Why Forest Bathing

On a starry Saturday evening in August, sitting on the backyard deck with a close friend and my husband, as we enjoyed a hope-it-never-ends summer evening in Maine, we discussed new ideas and new learning that fascinate and awaken our curiosity and wonder. From archetypal astrology, interdependence and family relationships to permaculture and native species landscaping, we shared our thoughts and ideas, and asked for feedback on them as well. And on this evening, an idea crystallized with a feeling of great resonance for me. It was one of those ‘ah-ha’ moments.

I was sharing my plan to lead Sierra Club outings, to encourage people to join in on guided hikes I would lead in various beautiful places in our MidCoast to Down East regions of Maine. I’m not a botanist or naturalist, a birder or other scientifically oriented nature expert. However, I am skilled and extremely experienced in my love of and time spent “being” in nature. I don’t feel the need all the time to name things, to identify specific species or understand how it all works (though that knowledge can be fascinating too). I know deeply and cherish how clearly I feel a sense of connectedness to everything just from taking time to notice what’s around me. I am so grateful for and never tire of taking time to notice all the living beings around, from a blade of grass, an ant, chipmunk, or porcupine to noisy screeching seagulls, buzzing hummingbirds, stately white pine and hemlock trees.

It’s all about letting go for a time, the busyness of life, and noticing. Taking time to explore mindfulness. I wanted to lead hikes sharing this approach to nature and the outdoors but I didn’t know how to title it or describe it concisely. This is when I learned about “Shinrin-yoku.”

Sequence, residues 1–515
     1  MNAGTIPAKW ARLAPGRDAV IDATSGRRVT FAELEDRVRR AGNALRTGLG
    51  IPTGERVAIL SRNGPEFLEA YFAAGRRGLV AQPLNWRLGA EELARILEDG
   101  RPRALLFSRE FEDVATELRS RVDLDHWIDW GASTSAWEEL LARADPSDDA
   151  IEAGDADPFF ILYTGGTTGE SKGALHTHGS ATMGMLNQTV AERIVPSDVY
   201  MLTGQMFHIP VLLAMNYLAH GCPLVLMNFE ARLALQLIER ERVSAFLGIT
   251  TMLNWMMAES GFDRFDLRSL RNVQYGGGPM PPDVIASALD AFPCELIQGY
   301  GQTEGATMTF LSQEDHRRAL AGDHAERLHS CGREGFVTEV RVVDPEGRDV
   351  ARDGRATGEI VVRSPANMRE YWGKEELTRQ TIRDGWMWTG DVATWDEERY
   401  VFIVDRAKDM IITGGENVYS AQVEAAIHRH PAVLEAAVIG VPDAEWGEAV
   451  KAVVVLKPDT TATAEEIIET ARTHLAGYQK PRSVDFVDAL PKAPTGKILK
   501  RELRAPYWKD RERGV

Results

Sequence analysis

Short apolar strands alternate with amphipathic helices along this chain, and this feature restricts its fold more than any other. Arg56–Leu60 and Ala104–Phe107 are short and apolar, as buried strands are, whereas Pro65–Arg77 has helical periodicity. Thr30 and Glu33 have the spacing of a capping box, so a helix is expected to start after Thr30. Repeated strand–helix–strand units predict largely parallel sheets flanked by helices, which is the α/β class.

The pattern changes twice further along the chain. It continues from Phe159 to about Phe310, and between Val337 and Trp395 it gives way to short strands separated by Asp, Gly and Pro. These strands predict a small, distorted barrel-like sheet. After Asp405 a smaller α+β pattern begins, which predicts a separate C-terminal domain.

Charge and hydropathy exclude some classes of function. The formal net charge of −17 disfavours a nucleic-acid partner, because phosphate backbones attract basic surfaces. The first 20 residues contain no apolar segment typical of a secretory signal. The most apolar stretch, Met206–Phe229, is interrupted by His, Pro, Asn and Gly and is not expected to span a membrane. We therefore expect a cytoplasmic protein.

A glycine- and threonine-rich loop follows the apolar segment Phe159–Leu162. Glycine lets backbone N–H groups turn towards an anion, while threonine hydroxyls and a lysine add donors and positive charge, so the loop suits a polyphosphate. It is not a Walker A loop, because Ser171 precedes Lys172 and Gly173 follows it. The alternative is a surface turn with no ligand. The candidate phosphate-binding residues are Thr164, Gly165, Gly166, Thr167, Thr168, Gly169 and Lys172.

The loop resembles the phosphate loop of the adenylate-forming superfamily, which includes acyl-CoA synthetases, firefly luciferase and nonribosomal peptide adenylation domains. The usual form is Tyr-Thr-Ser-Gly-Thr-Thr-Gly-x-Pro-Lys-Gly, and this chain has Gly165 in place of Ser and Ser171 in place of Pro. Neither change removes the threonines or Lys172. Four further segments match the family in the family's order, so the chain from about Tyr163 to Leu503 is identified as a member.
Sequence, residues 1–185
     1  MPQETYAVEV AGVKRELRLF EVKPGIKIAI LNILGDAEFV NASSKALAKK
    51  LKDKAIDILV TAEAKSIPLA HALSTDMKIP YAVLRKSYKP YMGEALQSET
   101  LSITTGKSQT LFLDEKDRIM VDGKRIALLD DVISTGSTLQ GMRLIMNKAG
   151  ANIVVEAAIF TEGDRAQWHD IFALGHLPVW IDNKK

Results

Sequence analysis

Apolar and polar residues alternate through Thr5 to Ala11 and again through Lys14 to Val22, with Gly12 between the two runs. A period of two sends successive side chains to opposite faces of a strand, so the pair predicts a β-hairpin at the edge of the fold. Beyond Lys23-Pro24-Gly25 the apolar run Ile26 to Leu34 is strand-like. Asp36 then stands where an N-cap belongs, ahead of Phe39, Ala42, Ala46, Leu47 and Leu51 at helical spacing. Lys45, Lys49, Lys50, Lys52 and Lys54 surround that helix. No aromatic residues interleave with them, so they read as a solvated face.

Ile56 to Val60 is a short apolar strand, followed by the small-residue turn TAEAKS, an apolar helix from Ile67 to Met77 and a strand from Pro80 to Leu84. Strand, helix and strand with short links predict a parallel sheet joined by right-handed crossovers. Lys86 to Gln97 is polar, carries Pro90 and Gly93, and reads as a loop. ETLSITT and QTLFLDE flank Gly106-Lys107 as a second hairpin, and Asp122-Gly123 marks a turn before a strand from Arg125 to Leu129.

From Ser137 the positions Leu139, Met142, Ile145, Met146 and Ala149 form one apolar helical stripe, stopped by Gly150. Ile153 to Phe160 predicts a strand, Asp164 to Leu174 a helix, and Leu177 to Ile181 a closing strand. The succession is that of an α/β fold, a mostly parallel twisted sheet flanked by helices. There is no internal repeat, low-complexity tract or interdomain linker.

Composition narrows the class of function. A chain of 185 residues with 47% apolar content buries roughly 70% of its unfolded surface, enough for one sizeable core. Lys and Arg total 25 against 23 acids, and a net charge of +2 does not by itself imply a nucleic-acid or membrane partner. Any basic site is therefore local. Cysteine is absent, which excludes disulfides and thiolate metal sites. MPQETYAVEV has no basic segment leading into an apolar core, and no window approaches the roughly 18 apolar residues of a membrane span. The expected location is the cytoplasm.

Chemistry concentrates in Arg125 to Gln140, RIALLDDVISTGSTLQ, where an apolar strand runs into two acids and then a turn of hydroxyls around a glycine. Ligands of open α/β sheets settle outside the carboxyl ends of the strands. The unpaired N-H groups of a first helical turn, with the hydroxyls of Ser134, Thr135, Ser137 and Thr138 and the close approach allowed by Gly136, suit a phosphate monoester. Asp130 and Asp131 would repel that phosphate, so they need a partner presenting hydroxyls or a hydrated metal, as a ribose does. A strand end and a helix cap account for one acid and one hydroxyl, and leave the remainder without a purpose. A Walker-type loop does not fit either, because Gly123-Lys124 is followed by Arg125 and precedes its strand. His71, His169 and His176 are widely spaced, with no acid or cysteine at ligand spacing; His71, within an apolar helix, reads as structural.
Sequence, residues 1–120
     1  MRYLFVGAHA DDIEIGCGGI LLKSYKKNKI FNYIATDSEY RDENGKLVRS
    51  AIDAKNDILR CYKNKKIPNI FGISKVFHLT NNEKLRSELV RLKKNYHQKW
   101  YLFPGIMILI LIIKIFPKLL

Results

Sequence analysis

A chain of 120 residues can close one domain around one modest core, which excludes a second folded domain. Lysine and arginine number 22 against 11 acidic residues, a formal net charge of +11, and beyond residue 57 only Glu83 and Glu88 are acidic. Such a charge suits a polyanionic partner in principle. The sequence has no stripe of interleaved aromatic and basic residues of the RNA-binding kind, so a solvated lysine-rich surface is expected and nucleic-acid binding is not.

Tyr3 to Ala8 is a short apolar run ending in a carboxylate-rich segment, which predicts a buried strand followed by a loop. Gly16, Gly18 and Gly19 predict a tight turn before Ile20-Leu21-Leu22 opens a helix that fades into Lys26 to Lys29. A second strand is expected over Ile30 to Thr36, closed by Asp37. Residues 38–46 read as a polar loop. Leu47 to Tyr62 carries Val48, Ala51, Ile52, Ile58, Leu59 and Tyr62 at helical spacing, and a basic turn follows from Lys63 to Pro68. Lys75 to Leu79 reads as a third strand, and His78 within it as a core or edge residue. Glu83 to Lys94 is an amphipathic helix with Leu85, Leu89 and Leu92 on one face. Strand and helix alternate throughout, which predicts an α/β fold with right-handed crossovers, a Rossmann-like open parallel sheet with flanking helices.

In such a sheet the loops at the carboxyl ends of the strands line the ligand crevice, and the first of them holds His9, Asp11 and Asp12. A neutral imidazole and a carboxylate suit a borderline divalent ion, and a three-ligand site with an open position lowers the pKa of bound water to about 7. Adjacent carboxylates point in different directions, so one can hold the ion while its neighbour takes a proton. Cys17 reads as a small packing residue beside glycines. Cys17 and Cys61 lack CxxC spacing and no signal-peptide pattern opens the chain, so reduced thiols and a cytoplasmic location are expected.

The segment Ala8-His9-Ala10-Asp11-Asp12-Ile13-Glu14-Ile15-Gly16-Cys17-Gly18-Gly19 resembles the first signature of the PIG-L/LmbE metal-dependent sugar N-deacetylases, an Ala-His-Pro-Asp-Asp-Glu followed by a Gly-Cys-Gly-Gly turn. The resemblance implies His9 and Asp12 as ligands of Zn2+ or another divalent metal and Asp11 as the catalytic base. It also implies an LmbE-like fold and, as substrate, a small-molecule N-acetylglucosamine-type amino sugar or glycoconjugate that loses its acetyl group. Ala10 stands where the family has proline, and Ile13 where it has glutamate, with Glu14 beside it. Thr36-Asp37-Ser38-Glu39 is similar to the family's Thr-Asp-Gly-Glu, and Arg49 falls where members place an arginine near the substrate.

In Japanese “Shinrin-yoku,” the practice of forest bathing, is making contact with and taking in the atmosphere of the forest. Contemplative walks and reconnecting with nature in forests has medically researched health benefits and is a simple remedy for stress, too much screen time, and even can strengthen the immune system.

Walks and hikes with Shinrin-yoku exploration are a new calling for me. A whole series of hikes are beginning this fall and continue into December. This is how I am sharing with others my inquiry into our relationship with nature and the planet on which we live.

I’m so grateful for resonant listening, learning from others, and daring to share what sometimes seems like a crazy idea. For these are the times when we wake up from ordinary modes of living, when a spark of inspiration enters into our being. During these moments, we face an opportunity to follow through on creative ideas and to go for it. The possibilities to embark on something new are what makes us alive and creative beings.

Get outdoors and exercise. Enjoy Maine’s forests. Explore Shinrin-yoku. Recalibrate the senses and refresh from the effects of our digital era, and an overabundance of screen time. Hybrid walks and hikes include taking some time to listen, breathe, be quiet and still, as well as enjoy the benefits of a group hike together. I invite you to join me!